In a few weeks I will be traveling to Sedona, Arizona for my 40th high school reunion. The three years I spent at Verde Valley School were golden years in the fine arts program of the school, with exceptional teachers of music, theater, dance, and studio arts. For me, music was the center of my high school life. I dabbled clumsily in pottery and jewelry-making in studio classes. My participation in theater was limited to performances where music and theater overlapped: a medieval liturgical drama and a spoof on opera titled Opera! Opera! The mysterious world of dance was for me both fascinating and terrifying, so I watched from a safe distance as my friends did amazingly expressive things with their bodies. Making music was such an integral part of my life at the time that I couldn’t imagine life without it. My life has since led me in many unexpected directions, and at the moment active participation in music is in the background. However, my experience of music has helped form the person I am now. This is the first in a series of posts in which I will explore music in my life.
Tag Archives: Middle Ages
On my way back to Colorado I listened to Thomas Cahill’s reading of the fifth book in his Hinges of History series, Mysteries of the Middle Ages: The Rise of Feminism, Science, and Art from the Cults of Catholic Europe. This is history the way I like it, a combination of broad perspective and detail told by a good storyteller in language that doesn’t talk down to me. Some historical figures whose names I recognized but about whom I couldn’t have told you much before listening to this book are now on my list for further investigation. The recording was abridged to six hours, helping keep me awake for a good chunk of my 17 hour drive.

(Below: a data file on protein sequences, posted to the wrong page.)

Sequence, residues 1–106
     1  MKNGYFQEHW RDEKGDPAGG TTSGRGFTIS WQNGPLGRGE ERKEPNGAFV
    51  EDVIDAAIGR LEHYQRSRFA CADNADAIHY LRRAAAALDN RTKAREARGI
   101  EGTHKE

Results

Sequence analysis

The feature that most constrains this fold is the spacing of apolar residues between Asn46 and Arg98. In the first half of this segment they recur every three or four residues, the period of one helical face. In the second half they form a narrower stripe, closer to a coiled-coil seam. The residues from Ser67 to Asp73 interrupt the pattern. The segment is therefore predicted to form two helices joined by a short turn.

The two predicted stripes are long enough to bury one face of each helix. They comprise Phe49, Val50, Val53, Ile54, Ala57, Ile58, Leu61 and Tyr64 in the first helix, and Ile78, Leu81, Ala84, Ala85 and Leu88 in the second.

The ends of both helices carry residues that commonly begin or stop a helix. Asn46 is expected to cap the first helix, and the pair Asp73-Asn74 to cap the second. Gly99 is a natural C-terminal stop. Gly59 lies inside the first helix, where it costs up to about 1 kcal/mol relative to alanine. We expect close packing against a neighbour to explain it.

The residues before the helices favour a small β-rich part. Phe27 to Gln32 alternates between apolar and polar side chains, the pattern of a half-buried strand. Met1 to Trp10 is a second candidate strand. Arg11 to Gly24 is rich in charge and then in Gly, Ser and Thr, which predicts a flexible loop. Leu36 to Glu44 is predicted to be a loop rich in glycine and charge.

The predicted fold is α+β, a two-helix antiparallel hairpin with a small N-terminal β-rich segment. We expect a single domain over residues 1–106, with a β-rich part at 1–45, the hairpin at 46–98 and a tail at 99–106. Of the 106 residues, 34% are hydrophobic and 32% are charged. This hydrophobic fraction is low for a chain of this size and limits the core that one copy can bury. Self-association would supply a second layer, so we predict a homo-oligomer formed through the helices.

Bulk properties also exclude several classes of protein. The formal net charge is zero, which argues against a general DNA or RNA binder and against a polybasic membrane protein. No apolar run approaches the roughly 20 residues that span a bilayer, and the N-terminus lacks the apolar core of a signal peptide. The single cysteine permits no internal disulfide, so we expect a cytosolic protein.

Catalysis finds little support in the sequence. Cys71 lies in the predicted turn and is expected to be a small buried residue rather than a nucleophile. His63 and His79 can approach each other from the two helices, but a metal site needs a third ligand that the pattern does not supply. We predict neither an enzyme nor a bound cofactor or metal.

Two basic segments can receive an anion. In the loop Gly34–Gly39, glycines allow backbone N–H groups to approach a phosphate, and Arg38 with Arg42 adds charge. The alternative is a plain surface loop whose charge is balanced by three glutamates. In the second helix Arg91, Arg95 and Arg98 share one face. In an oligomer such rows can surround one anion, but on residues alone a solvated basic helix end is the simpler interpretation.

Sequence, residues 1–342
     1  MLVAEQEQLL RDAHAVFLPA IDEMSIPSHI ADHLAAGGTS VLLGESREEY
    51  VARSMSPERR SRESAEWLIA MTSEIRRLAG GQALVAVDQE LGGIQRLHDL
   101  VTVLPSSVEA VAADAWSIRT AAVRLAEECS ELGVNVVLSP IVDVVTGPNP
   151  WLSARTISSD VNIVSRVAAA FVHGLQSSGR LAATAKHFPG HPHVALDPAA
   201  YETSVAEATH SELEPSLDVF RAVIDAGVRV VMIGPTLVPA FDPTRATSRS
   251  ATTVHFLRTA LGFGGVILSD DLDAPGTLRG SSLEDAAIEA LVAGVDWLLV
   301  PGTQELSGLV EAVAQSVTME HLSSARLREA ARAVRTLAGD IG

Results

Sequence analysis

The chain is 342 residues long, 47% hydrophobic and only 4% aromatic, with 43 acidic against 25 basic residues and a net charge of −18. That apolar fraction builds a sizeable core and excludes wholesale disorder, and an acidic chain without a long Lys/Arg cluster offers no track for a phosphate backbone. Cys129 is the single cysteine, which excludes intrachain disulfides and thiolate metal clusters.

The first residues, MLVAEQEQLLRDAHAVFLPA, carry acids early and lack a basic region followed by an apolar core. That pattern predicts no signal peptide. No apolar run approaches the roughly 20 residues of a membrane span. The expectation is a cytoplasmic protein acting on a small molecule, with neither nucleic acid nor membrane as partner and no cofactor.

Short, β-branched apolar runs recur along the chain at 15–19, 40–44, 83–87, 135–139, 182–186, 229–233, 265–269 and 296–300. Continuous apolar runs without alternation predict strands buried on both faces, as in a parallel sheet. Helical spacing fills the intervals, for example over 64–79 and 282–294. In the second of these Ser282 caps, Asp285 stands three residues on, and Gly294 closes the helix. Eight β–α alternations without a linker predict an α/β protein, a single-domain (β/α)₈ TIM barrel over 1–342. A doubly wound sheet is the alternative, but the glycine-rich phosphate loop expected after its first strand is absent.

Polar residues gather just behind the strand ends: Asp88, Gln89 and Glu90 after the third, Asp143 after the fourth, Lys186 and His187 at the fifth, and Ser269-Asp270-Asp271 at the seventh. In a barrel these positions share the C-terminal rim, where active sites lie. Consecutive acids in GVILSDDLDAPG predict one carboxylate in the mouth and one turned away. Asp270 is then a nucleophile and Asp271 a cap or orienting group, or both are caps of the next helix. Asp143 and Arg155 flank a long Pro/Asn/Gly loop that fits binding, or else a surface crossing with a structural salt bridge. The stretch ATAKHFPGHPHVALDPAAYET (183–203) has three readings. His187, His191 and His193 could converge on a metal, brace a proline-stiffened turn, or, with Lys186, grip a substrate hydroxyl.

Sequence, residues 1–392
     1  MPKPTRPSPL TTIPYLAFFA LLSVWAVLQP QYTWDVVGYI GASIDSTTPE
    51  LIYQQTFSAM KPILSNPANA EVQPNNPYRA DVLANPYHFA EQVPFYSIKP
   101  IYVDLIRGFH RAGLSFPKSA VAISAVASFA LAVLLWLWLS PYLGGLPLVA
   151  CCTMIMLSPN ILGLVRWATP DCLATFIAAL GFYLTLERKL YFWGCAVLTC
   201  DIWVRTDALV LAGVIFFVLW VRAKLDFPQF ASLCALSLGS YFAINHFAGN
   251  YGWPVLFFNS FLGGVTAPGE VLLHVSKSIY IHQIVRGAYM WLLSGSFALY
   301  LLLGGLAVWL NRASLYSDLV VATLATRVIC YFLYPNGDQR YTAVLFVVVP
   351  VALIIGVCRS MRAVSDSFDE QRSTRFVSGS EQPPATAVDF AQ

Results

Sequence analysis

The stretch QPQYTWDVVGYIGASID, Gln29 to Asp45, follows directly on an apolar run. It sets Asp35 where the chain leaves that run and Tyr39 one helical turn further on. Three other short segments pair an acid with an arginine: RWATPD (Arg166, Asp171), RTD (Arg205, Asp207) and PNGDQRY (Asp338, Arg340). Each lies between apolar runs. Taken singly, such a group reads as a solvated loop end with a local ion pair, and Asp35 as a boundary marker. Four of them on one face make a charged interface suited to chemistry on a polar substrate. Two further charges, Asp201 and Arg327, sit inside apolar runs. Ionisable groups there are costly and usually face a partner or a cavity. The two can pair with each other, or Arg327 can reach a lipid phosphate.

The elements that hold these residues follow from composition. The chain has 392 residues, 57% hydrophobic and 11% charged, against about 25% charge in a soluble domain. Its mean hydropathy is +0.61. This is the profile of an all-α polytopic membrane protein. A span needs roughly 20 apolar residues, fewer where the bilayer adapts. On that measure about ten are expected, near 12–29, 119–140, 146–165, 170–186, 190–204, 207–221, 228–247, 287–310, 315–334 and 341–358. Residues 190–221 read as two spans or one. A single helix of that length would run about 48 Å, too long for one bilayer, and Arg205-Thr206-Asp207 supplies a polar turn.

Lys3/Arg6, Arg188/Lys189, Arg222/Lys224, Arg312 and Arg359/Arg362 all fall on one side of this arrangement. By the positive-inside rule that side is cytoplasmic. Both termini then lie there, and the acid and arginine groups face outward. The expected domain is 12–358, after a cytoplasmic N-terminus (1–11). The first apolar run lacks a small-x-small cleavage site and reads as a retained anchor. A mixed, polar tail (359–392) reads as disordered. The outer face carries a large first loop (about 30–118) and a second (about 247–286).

I listen to audiobooks on road trips that I might not actually read through in the shorter chunks of time I spend reading when at home. I was feeling a bit guilty about this until I realized one of the advantages of listening to quality recordings. In the course of the book there were four different words that I recognized but for which, since I had only seen them in print, I had an incorrect pronunciation in my mind. (I would tell you what they were, but since I was driving I couldn’t write them down and after two days of in-service meetings to prepare for teaching summer school, I can’t remember except that one began with as—.) It took me back to sixth grade, when I was in the uncomfortable position of being teacher’s pet because my mother had forgotten to register me for school and all the spaces in the “smart” class were gone. I stood up to read from a textbook one day and came to the word debris. Now I could have told you exactly what it meant, but I had never actually heard the word, so I pronounced it just the way it looked. I was probably far more embarrassed than the occasion warranted, but I wasn’t used to making mistakes in front of that class. Anyway, Cahill’s rendition of history was entertaining enough to listen to again and try to capture those four words and learn how to say them correctly.